Know the Law: Traveling While Carrying Concealed
by Drew Beatty
Concealed carry laws vary by state and if you travel between states, it’s important to know those variations so that you don’t violate the law. Penalties also vary by state, including landing the offender in jail — just ask Shaneen Allen.
It is important to note that all states are required to adhere to certain federal firearms laws, such as forbidding concealed carry in court houses or post office buildings. Those universal federal laws can be found here.
What does a concealed carry holder need to know about interstate travel? First, understand if your state’s concealed carry license is honored in the state you plan to travel to — this is called “reciprocity.” You can check state-by-state reciprocity here.
I’ll use this illustration: I live in Colorado, and sometimes hunt in Nebraska and Kansas. I carry a concealed firearm between these states. I already know that Colorado has reciprocity with both Nebraska and Kansas. What are some of the differences I need to be aware of so that I do not violate the law?
Let’s compare Colorado laws to Nebraska laws. If contacted by law enforcement in Colorado, I have no legal duty to inform the officer that I am carrying a concealed firearm. This may sound strange, and I may inform them anyway out of courtesy to their profession. Law enforcement officers are taught to assume that everyone they contact is armed.
As soon as I cross the border into Nebraska, I have a legal duty to immediately inform an officer that I am armed if I am contacted. This is a distinct difference between the two states that could get a lawfully armed citizen in trouble.
In Colorado, I can legally carry a concealed weapon in church. In Nebraska, that is illegal. So, if I am in the habit of carrying concealed in church, and I go to church while in Nebraska, I need to secure my weapon somewhere else.
In Colorado, I can legally carry a concealed weapon in a bar, as long as I am not intoxicated. In Nebraska, the law is a little different. I may not carry in an “… establishment having a license issued under the Nebraska Liquor Control Act that derives over one-half of its total income from the sale of alcoholic liquor ….” This complicates things. I would err on the side of caution and not carry in a bar in Nebraska rather than asking to see the owner’s books.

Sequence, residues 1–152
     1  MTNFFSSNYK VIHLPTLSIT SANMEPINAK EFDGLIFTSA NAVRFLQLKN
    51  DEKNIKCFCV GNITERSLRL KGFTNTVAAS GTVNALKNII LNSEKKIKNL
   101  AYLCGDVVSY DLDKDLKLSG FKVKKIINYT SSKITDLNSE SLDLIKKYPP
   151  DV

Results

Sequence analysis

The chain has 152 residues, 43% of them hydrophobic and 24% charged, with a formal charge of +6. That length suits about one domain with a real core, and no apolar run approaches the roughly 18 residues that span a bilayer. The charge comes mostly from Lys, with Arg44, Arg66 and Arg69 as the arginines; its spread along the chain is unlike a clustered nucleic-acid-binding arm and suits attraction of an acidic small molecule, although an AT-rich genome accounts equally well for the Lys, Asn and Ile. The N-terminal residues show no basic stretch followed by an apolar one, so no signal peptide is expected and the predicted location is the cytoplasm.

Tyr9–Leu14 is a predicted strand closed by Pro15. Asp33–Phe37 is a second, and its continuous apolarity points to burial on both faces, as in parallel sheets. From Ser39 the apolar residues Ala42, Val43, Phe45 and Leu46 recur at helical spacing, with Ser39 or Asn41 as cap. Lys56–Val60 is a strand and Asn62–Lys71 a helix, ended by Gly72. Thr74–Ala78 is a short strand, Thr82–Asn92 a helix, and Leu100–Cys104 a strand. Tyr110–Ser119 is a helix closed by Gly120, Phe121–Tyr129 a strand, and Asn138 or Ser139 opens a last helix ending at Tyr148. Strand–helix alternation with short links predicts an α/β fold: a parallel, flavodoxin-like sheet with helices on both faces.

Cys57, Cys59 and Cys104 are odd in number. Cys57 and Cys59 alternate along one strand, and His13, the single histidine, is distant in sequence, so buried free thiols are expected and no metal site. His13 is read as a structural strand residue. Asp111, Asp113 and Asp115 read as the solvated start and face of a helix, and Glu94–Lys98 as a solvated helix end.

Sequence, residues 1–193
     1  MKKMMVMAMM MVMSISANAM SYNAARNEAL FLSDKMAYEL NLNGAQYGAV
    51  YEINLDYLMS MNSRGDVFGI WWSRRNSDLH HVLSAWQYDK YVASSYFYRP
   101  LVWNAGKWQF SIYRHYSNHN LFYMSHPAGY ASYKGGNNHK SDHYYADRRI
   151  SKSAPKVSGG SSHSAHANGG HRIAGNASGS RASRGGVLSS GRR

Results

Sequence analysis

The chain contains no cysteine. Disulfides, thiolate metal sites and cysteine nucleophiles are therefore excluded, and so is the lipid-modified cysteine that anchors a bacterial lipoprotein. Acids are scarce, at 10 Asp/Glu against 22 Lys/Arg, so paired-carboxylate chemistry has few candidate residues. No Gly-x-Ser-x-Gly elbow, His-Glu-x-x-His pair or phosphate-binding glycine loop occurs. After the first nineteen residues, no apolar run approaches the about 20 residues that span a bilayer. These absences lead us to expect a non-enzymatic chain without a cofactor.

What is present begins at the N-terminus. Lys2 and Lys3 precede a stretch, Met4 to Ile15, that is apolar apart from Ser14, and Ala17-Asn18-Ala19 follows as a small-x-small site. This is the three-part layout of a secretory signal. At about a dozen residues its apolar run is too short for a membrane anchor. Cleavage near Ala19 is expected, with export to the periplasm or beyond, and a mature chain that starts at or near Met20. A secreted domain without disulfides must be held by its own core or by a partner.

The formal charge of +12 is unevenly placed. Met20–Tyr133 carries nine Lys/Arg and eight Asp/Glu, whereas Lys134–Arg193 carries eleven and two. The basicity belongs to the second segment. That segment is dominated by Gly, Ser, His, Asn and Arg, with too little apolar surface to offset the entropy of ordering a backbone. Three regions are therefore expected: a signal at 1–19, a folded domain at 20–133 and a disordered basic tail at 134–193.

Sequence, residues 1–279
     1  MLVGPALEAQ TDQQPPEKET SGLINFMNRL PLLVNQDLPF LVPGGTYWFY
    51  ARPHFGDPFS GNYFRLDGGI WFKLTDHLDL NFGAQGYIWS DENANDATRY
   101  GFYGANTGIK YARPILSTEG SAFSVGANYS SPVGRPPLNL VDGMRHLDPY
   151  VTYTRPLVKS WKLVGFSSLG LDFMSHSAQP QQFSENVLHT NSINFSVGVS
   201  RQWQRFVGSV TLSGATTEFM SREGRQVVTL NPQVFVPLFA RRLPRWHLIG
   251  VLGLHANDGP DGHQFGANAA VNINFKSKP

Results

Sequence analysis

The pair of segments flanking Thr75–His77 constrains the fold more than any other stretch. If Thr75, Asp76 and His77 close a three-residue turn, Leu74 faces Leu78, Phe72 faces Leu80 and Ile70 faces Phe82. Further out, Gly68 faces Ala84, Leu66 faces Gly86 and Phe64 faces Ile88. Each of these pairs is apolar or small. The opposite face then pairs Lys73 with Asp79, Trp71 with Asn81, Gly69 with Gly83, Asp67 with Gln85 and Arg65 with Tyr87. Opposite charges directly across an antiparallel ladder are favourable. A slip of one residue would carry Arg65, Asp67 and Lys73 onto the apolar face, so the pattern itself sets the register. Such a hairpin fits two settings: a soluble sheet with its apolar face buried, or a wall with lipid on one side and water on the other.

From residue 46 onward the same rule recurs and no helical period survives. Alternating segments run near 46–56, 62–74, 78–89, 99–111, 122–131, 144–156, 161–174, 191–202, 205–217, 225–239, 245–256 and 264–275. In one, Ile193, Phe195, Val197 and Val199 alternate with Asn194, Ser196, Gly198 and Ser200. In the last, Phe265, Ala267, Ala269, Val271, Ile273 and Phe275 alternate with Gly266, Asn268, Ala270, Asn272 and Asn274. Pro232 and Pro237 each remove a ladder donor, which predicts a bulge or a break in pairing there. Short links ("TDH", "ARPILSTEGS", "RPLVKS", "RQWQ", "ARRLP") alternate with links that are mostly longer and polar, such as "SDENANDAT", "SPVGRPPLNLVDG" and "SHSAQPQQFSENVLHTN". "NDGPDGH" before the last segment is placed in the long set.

Now let’s compare Kansas law to Colorado law. Kansas has no duty to inform if contacted by law enforcement. Also, Kansas recently became the sixth Constitutional Carry state in the United States, meaning that if you are legally allowed to own a firearm in Kansas, you can legally carry concealed without a permit. However this law applies only to Kansas residents. Does it apply to me as a resident of Colorado? My Colorado CCW is honored in Kansas, but a concealed carry holder from another state would need to check. Kansas also has no prohibition on carrying in churches, provided the individual church does not post a prohibition on the carrying of firearms.
These are just two legal differences between three states. Now, imagine if you lived in Vermont and traveled regularly to work in Connecticut through Massachusetts. You can see how easy it is to break the laws if you are unaware of them.
Until nationwide reciprocity or nationwide Constitutional carry is the law, it’s imperative to do your research before traveling between states with a concealed weapon. One good source of information for this is http://www.handgunlaw.us/. There are also a variety of smart phone apps available to help the lawful carrier remain lawful while traveling.
Drew Beatty is a 50 year old husband and father, and a lifetime resident of the great state of Colorado. He is a long-time firearms enthusiast as well as a strong advocate for The Second Amendment.